Coronavirus, Solidarity, and the Common Good

Check out these recent articles on the coronavirus, solidarity, and the common good:

Spare a Moment for Sorrow by John Dickerson: “Ideally a public figure would use his platform, as heroic leaders have in the past, to set this tone. In the absence of that, perhaps we can all use our platforms, whether they be Twitter or the family text chain, to say what I have tried to say here: that we feel your loss and sorrow, even if words are too clumsy. And when words fail altogether, a moment of silence can say You’re not alone, even in a moment of deep loneliness. The test of a time like this is that it either drives us toward our common humanity, or it drives us apart. Let it be the former.”

Michael Sandel in ‘Finding the ‘Common Good’ in a Pandemic’: “Our lack of preparedness for the pandemic reveals the lack of solidarity in our social and political life, especially in our inadequate system of public health and lack of universal access to health care and paid sick leave. This makes the sudden, ritualistic invocation of the slogan “we’re all in this together” ring hollow.”

Screw This Virus! by David Brooks: “It will require a tenacious solidarity from all of us to endure the months ahead. We’ll be stir-crazy, bored, desperate for normal human contact. But we’ll have to stay home for the common good.”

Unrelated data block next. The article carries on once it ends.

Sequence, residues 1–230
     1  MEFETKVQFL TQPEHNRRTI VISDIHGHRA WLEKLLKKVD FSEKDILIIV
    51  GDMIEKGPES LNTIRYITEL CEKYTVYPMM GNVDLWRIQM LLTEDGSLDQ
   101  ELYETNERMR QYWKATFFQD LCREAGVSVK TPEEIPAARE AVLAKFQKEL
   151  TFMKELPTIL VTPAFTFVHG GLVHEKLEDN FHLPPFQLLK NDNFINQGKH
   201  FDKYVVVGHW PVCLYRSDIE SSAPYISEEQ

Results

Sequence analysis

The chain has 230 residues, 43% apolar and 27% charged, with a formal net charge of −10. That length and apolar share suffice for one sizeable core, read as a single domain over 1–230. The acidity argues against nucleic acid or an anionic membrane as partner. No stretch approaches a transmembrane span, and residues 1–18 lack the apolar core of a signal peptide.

Take time during coronavirus pandemic to reflect upon Christ’s command, Love Thy Neighbor by Elise Italiano Ureneck: “Throughout history, believers have found bold, creative and prophetic ways to demonstrate solidarity and communion with those on the physical or existential margins of society. This is such a moment.”

‘Give me liberty, or give me (grandma’s) death!’ by Michael Sean Winters: “After years of being told that all social justice issues must come second because “you cannot enjoy any other right unless you first enjoy the right-to-life,” now we are told that this is all sentimentalism.”

What do we learn from this place where we don’t want to be? by John Gehring: “I want to better appreciate how extraordinary, even sacred, the ordinary can be. Dinner with a friend, hugging my kids, the collective buzz of live music, or even the small pleasure of sipping coffee in a café surrounded by the familiarity of strangers are not things to take for granted when you’re reminded that life is fragile and fleeting. Gratitude is a grace.”

Catholic social teaching panel says coronavirus pandemic ‘a moral test’ by Christopher White: “While much is uncertain during this global health crisis, the belief that Catholic social thought requires valuing human life and dignity over economic concerns was the widespread consensus among Catholic leaders during an online forum convened by Georgetown University.”

The pandemic is about to devastate the developing world by Brian Klaas: “In the coming months, the coronavirus death tolls will be horrific. Yet, astonishing as it may seem to all of us living in lockdown, we are the lucky ones. In rich countries, it is likely that hundreds of thousands, if not millions, will die in the coming months. But if past pandemics are any guide, those numbers are likely to be a small fraction of the body count in the poorest parts of the globe. Every public health problem that we face will be far worse in the developing world.”